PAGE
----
Having just returned from the The Canadian Association for Food Studies in Montreal, and heading to the analogous American meeting this week (the annual mouthful: a joint meeting of the Association for the Study of Food and Society (ASFS) Agriculture, Food and Human Values Society (AFHVS) with the Annual meeting of the Society for the Anthropology of Food and Nutrition (SAFN)), I have had a chance to check in on a longstanding hunch. Despite the straightforward nature of food, people use it to create meaning in a way that may parallel the way people craft fiction -- perhaps particularly parallel to fictionalized autobiography.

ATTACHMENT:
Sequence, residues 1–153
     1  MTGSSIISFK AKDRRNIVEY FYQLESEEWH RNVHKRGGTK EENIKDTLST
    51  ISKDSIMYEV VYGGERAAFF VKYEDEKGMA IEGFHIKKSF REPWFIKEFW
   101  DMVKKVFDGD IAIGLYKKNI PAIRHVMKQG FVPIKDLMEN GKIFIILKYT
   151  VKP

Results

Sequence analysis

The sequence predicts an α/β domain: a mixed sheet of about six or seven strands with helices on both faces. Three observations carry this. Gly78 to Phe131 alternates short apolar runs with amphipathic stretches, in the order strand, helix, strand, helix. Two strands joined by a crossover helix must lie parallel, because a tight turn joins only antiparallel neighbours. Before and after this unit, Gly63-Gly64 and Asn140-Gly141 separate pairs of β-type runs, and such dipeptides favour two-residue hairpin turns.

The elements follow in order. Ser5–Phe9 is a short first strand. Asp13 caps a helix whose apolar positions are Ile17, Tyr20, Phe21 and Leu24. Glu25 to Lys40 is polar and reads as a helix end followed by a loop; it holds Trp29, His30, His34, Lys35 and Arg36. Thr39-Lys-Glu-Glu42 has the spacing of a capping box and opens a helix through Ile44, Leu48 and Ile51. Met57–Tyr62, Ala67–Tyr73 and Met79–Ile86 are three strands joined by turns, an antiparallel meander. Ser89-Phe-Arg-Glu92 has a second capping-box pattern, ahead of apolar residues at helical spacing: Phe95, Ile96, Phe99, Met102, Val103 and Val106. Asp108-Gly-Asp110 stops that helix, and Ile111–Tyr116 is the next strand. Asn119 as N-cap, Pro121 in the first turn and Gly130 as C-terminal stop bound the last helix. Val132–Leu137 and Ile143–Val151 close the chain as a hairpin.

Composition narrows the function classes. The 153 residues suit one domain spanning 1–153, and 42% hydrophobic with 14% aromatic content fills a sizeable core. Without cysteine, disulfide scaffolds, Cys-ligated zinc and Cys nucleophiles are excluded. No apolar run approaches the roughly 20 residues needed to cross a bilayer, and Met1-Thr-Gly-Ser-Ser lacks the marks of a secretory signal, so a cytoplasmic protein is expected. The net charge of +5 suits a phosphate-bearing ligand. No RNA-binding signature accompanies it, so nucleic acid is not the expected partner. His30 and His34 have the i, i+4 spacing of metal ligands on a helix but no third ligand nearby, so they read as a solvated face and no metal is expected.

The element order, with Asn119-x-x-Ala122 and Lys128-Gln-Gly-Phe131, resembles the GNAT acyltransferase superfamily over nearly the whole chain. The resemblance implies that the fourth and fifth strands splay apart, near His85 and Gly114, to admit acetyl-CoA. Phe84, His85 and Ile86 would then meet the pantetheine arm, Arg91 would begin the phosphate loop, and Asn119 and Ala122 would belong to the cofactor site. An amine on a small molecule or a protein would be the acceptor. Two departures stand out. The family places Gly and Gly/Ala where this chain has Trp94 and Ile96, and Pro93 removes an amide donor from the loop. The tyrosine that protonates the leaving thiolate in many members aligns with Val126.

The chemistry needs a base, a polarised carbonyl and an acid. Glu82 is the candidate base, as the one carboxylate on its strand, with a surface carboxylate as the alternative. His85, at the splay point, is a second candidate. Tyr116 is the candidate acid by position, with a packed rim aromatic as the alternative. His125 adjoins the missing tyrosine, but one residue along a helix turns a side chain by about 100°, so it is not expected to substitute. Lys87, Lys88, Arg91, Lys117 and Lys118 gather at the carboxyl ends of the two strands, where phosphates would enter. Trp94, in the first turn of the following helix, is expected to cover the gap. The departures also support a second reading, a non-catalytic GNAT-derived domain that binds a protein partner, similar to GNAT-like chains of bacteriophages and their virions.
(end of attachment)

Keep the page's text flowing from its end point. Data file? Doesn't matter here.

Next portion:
Although the giant boom in the "my life in food" genre writing evident in blogs and a flood of farm-tell books may seem like a natural-seeming outgrowth from the recent boom in interest in what's on our plates. However, I would like to explore further how much people's exploratory efforts to create foodie experiences worthy of re-telling may, in fact, resemble something rather like fictionalizing one's life -- or at least creatively transforming it in some way. If we are what we eat, if we want to tell our stories through food tales -- and if we want these to be good stories -- how much do we fictionalize ourselves, and, further, what are the implications when we then try to live up to our fictionalized food versions of ourselves? (Think, for example, of Julie Powell from Julie and Julia, and her multiple fictionalization of herself!)